It would appear a major shakeup of environmental legislation would be under way too, but not how most would expect.. That’s because Trump actually wants to roll back pollution standards introduced by Obama that encourage smaller, less-polluting hybrid and electric vehicles.

He’s therefore ordered the Environmental Protection Agency (EPA) to review fuel economy standards and emission levels. Trump hopes this will stimulate the industry, blaming ever-tightening legislation for a fall in the production and demand of American-built autos.

Truth is however, more than 100 American cars currently on the market meet standards that stretch to 2020, while hybrids like the Chevrolet Volt already match standards for 2025, so what is he talking about?

Donald’s backward-looking view is not just at odds with 2017 technology though, but also the economy. This year, shares in the all-electric  (and very much American) Tesla company surpassed those of Ford and General Motors for the first time.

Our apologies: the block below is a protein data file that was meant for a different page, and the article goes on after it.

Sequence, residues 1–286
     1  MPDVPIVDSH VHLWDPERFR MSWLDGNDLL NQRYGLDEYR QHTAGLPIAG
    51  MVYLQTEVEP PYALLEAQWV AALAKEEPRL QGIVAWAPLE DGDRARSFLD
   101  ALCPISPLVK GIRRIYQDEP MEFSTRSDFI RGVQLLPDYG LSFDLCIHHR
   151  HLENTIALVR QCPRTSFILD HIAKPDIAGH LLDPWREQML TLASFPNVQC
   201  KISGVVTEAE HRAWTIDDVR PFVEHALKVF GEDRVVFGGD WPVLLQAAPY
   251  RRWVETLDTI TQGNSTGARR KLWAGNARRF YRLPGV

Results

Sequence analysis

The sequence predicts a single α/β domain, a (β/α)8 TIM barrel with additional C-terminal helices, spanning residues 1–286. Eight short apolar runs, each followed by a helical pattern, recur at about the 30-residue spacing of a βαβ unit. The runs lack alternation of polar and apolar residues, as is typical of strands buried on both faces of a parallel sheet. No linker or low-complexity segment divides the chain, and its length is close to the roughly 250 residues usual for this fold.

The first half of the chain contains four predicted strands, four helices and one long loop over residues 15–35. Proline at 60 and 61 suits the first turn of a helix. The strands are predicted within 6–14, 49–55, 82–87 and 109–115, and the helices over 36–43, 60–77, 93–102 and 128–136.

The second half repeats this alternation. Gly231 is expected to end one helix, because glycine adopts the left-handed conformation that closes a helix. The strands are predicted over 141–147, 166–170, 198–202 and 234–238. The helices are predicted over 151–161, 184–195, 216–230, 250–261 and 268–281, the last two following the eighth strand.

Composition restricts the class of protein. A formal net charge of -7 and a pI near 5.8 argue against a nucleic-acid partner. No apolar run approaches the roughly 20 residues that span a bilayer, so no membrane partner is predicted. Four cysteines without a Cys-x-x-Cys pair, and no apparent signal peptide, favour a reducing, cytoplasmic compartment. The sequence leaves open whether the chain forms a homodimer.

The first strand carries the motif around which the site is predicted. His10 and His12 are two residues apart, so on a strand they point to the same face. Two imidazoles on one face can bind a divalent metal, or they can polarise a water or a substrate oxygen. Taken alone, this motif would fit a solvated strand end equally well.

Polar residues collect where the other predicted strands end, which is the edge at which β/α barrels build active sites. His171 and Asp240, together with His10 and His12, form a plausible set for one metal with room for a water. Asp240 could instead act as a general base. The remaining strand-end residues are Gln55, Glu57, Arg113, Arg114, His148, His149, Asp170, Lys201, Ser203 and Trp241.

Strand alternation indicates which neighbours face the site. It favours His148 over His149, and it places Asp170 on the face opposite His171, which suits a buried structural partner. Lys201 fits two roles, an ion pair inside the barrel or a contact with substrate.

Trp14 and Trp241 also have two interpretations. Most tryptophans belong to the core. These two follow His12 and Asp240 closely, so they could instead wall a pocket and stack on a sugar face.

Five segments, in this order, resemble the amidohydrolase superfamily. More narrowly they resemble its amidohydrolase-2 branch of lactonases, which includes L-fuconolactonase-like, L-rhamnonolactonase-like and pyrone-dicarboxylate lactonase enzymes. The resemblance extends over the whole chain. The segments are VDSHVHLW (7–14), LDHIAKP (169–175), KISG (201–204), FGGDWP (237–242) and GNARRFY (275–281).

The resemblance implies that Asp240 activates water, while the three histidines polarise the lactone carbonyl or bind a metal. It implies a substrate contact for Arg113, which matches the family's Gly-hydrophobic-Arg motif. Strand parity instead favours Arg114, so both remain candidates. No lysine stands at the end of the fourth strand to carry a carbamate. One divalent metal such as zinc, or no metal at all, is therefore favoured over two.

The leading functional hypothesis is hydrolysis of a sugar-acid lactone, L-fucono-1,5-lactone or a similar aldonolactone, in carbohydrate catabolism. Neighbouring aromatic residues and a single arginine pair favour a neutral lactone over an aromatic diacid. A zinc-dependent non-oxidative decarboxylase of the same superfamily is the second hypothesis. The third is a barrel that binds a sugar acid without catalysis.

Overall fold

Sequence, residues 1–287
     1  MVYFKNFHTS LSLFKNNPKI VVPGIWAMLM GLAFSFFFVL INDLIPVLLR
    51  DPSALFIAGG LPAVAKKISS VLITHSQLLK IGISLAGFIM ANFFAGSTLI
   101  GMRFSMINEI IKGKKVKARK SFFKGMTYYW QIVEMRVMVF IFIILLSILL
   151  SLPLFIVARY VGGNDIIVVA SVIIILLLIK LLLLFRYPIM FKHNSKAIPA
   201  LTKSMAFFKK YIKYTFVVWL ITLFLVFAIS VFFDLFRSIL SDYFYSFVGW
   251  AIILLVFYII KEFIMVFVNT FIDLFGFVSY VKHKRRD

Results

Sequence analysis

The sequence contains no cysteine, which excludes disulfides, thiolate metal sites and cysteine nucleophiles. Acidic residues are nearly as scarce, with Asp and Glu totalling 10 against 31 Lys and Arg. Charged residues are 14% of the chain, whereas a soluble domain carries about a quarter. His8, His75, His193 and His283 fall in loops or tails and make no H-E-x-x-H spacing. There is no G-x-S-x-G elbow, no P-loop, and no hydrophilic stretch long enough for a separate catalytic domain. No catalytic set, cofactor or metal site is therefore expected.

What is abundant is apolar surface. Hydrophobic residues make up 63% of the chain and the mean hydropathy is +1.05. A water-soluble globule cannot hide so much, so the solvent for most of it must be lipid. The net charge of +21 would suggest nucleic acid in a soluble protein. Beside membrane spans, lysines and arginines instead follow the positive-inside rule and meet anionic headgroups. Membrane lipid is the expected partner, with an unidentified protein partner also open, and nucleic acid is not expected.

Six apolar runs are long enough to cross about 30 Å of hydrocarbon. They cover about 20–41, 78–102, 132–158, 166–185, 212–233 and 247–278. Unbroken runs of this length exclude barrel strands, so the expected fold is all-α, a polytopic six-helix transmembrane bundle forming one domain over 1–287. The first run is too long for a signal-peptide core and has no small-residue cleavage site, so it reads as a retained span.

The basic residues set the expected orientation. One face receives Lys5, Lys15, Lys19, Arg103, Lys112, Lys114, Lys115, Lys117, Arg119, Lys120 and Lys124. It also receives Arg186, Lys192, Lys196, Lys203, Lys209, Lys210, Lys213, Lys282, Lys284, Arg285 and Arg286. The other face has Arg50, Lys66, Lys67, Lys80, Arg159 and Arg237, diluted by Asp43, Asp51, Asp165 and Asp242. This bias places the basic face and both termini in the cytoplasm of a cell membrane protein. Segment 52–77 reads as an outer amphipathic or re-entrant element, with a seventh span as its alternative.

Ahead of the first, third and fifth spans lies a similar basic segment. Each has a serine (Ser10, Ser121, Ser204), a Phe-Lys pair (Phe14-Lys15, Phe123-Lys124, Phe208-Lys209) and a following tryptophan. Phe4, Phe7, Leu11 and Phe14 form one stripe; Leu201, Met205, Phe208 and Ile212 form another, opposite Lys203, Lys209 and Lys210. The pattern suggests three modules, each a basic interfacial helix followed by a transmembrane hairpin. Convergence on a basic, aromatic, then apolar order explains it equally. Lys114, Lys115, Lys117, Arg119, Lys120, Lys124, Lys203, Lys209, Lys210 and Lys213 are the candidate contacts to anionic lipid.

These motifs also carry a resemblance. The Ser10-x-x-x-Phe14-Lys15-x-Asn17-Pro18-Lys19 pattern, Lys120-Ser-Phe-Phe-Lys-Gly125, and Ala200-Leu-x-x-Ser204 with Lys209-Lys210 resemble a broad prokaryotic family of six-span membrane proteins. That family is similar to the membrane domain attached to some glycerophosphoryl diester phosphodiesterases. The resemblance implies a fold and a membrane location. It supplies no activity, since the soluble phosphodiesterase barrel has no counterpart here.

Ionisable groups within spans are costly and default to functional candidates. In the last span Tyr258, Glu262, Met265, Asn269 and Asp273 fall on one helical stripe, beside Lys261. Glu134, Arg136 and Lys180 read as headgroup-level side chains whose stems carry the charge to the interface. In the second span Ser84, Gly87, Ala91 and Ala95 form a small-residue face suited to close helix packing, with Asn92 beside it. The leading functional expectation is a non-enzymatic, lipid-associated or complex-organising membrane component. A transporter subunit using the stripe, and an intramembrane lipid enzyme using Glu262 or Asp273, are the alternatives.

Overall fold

Tesla shares are soaring, but Trump doesn't seem to care about EVs all that much...

This is despite forecasts that Elon Musk’s company will deliver around 150,000 cars in 2017 and potentially make a loss, while by contrast, General Motors delivered around 10 million vehicles and made $9.43 billion only last year.

A sure sign then, that markets are hedging their bets on a clean, electric future rather than the coal and oil-powered world Trump seems so keen to cling on to, but with Trump currently replacing EPA scientists with energy industry reps, it would appear he doesn’t really care…

Will it affect cars in Europe?

The fact we actually acknowledge climate change exists in Europe means things will remain rather different for us. Currently (and most likely after any Brexit deal too), new cars in the UK have to abide by strict EU emissions standards.

Any potential ‘toxin tax’ in major towns demonstrates that if anything, we’ll be tightening laws rather than relaxing them. Aside from Tesla, which may buck the trend, we’ve never really been one for American cars in Europe anyway.

We don't import a lot of American cars, but will Trump's plans affect what we drive here?

Most are too big for our roads, suffer from woeful fuel economy (which is unlikely to improve if Trump has his way) and rather shonky build quality are all reasons people have been put off in the past.